What came first, orange the colour or the fruit? As a colour, orange ranges from dark, earthy tones like terracotta, to more pinkish hues like salmon and coral. Generally, the colour is perceived as cheerful, but certain hues also relate to caution, which is why it’s often used for traffic cones and police vests.
Named after the fruit (in response to the above-mentioned question), the colour orange naturally exudes a sense of freshness and vitality. Falling under the category of warm colours, it also emits a feeling of heat and summer, while its darker tones are often connected to autumn.
In marketing, orange is often used as a slightly softer alternative to red. It draws attention without being too obtrusive, which is why we can see many call-to-action examples that make use of colour.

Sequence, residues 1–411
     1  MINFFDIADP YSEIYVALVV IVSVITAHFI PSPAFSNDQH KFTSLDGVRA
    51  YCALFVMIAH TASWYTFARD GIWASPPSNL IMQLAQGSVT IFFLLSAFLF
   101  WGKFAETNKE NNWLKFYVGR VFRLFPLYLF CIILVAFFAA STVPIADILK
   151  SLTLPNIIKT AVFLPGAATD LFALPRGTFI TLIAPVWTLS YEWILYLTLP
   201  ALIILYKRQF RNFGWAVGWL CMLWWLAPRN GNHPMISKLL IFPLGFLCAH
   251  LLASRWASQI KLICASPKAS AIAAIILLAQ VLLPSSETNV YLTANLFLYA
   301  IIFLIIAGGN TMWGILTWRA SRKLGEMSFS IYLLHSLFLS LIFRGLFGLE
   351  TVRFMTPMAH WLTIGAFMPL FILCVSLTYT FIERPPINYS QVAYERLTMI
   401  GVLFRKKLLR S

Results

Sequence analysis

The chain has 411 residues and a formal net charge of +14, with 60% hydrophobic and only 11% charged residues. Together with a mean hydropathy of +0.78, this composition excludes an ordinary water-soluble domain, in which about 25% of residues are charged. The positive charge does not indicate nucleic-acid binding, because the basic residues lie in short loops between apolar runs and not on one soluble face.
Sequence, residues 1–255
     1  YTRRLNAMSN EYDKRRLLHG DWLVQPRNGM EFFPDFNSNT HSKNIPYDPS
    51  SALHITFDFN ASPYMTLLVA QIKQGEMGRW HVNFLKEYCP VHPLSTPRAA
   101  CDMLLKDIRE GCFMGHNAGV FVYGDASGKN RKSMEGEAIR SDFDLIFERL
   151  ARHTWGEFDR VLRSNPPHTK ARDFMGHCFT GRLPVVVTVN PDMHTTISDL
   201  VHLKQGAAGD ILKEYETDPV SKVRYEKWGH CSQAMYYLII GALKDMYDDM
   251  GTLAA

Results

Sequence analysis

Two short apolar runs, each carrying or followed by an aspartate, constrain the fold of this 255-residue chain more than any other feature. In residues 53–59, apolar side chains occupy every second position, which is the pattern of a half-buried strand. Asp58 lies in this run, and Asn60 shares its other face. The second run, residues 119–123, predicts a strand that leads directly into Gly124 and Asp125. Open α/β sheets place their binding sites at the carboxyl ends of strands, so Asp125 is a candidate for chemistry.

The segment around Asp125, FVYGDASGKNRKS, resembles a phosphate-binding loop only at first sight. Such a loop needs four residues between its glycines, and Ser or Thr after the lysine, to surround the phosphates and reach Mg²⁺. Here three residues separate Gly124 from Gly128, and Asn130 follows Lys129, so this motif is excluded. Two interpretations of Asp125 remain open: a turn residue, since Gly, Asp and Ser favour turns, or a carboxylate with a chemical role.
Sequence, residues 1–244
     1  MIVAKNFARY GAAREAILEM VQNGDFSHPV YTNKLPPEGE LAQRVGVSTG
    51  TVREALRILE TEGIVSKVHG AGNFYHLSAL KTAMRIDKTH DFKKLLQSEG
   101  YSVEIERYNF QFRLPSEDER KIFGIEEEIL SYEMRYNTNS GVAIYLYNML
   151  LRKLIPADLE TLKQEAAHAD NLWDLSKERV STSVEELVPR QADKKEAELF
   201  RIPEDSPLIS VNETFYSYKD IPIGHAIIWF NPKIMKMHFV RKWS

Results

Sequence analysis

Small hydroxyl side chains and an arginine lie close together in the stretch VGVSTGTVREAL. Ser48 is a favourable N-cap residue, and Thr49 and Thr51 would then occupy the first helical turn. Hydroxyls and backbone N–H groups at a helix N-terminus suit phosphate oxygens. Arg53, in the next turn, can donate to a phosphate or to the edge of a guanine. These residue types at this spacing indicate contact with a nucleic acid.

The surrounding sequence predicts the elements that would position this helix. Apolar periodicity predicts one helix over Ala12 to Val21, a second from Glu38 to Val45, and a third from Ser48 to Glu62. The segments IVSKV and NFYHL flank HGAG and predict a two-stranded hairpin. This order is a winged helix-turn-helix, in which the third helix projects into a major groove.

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Red colour psychology
Red is generally seen as an extreme colour – in all its meanings. It holds strong connotations of love, desire, and seduction, while on the other hand also be associated with feelings of danger, anger, and violence. It also evokes a sense of energy and instantly grabs attention, thanks to its high visibility. This makes it an appropriate colour for warning signals like stop signs and fire engines.
Different cultures around the globe perceive red in diverse ways. For example, in China’s stock markets, the colour red is used to symbolize a price increase, whereas the extreme opposite (the stock going down in price) holds in many other countries. Why? Because red is a lucky colour in Chinese culture, also used for bride’s wedding dresses and to symbolize celebration and fertility.